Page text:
We agree with Henriksen's philosophy that feeling good from the inside can manifest itself on the outside, and we applaud the fact that he admonishes his clients for being too hard on themselves when it comes to their complexions. That bromide loses some of its believability, however, when you realize that Henriksen's products are all about fixing the outside of you, especially the parts with wrinkles, puffy eyes, skin discolorations, and on and on.
For example, all the self-confidence in the world won't change the need for sunscreen or change your genetic propensity for certain skin conditions. Clearly, Henriksen believes that, too, because his skin-care products are meant to help his devotees put their best faces forward. He maintains that his products are different because they are "pure," "natural," and "high performance" products—now really, how often have we heard that? Way too many times, and as is often the case, the products aren't pure or all natural in the least. It turns out that Henriksen's products aren't anywhere close to being all natural. Every product is rife with plenty of unnatural ingredients, most of which are used industry-wide. (That doesn't make them bad, but marketing hype and distortion should not be the basis for making decisions about what skin-care products you use.) In essence, the only unique aspect of this line is Henriksen's ability to charm his clients into thinking that his products are in some way unique and worth the money, when they absolutely are not. A quick review of the ingredient label reveals far more problems than is acceptable for anyone's skin.
Stepping away from the marketing aspect, this product line has way too many missteps to make it interesting or beneficial. While it does contain helpful plant extracts and oils, it is certainly not the only line that includes those ingredients. Sadly, the potency, and yes, even the purity, of many of the good plant extracts are compromised due to his tendency to use jar packaging rather than more stable, airtight options (all plant extracts deteriorate when exposed to air or light). And the amount of irritating plant extracts makes some of his products just hurtful for skin.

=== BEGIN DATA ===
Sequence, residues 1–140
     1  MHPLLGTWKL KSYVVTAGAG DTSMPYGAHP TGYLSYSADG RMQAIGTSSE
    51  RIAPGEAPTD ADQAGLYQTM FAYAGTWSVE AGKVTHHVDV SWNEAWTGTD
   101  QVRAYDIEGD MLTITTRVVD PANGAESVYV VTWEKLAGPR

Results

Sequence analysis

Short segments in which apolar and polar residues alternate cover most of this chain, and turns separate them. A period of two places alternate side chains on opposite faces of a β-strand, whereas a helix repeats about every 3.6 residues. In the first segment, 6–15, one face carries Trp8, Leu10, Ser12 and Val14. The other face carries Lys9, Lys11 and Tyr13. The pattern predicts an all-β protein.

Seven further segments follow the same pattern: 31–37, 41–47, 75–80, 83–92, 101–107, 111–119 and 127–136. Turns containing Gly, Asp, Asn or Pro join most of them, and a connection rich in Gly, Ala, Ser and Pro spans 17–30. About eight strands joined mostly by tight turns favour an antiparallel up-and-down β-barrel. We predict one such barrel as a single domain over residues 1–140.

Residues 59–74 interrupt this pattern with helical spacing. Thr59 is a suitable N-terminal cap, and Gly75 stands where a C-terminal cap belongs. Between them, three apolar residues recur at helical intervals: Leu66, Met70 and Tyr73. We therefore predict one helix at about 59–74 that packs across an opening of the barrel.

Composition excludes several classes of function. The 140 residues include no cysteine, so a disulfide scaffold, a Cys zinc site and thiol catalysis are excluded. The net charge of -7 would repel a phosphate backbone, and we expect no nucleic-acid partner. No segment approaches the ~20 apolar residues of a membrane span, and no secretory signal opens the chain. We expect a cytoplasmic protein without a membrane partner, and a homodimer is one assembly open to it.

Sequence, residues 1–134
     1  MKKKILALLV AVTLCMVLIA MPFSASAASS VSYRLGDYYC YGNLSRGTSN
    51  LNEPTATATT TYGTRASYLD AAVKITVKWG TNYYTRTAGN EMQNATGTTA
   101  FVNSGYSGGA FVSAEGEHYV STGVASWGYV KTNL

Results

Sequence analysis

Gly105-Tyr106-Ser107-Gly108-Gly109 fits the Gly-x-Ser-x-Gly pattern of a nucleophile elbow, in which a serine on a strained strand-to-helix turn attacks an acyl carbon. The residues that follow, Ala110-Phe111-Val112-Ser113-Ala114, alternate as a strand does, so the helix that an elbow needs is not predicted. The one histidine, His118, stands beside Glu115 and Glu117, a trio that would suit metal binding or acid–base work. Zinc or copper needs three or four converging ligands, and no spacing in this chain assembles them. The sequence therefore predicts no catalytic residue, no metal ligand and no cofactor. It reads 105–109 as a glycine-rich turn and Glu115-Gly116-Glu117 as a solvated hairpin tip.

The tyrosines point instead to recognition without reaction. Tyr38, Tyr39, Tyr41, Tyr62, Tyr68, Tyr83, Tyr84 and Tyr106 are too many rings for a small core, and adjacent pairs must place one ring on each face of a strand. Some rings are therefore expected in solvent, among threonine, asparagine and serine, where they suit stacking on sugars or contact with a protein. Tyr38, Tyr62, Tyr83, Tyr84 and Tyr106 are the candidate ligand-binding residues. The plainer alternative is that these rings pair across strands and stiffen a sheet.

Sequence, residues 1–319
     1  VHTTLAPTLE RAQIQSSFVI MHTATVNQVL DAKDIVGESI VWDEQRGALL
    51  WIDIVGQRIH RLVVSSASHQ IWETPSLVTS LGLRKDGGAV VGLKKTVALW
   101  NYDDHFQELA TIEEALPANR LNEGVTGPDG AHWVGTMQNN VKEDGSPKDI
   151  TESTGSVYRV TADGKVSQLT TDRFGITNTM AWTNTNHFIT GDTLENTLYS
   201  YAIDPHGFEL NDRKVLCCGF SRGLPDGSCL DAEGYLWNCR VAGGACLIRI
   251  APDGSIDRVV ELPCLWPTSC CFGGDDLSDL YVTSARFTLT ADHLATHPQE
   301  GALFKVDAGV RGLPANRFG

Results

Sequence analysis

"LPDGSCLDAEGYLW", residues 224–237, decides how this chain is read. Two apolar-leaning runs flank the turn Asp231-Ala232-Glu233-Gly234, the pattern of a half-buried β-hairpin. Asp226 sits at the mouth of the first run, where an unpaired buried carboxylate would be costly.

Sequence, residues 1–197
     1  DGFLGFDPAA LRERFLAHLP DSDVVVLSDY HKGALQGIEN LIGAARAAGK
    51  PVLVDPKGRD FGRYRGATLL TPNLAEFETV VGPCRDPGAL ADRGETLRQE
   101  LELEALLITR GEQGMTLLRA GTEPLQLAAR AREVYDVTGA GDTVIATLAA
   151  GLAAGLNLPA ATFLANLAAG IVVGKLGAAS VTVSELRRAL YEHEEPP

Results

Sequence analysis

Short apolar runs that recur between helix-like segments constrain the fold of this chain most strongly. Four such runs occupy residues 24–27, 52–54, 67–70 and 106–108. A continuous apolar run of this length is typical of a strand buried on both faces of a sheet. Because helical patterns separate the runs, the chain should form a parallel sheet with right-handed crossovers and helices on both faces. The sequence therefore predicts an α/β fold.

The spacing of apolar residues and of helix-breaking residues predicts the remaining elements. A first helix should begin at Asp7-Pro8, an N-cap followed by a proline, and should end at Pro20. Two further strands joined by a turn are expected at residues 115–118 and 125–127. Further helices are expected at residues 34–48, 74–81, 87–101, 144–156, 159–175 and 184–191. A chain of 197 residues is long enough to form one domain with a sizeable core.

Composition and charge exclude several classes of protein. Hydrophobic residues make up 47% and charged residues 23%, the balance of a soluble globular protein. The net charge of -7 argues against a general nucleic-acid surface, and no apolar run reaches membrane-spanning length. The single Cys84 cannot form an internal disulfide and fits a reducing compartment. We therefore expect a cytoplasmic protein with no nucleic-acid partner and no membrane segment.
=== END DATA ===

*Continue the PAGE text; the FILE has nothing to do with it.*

Perhaps the saddest part is that a so-called skin-care expert can't even get sun protection right. You place all that trust in someone's expertise and they don't even have the basics down! Henriksen's Herbal Day Creme SPF 15 lacks titanium dioxide, zinc oxide, avobenzone, Mexoryl, or Tinosorb. All the ballyhooed "calming extracts" and "pure botanicals" in the world cannot stave off one wrinkle if your sunscreen lacks sufficient UVA protection. A few of the sunscreens that do provide adequate UVA protection contain skin cell–damaging lavender oil. Sigh. It's not fun when you consistently run into examples in line after line that prove that natural ingredients are not inherently better for skin! Given how many consumers want to use such products, we'd love to offer them some slam-dunk options.
This aesthetician-created line has a few reasonably decent options to consider, but overall the line is not on par with many others. The overwhelming emphasis on "natural skincare" (which, we repeat, this line definitely is not) might sound like it will be good for you, but that is not what you will find here. A company's apparent blindness to the published evidence that many of the natural extracts as well as many of the synthetic ingredients they include are potent skin irritants means you don't want to shop this line through rose-colored glasses.
For more information about Ole Henriksen, call (800) 327-0331 or visit www.olehenriksen.com.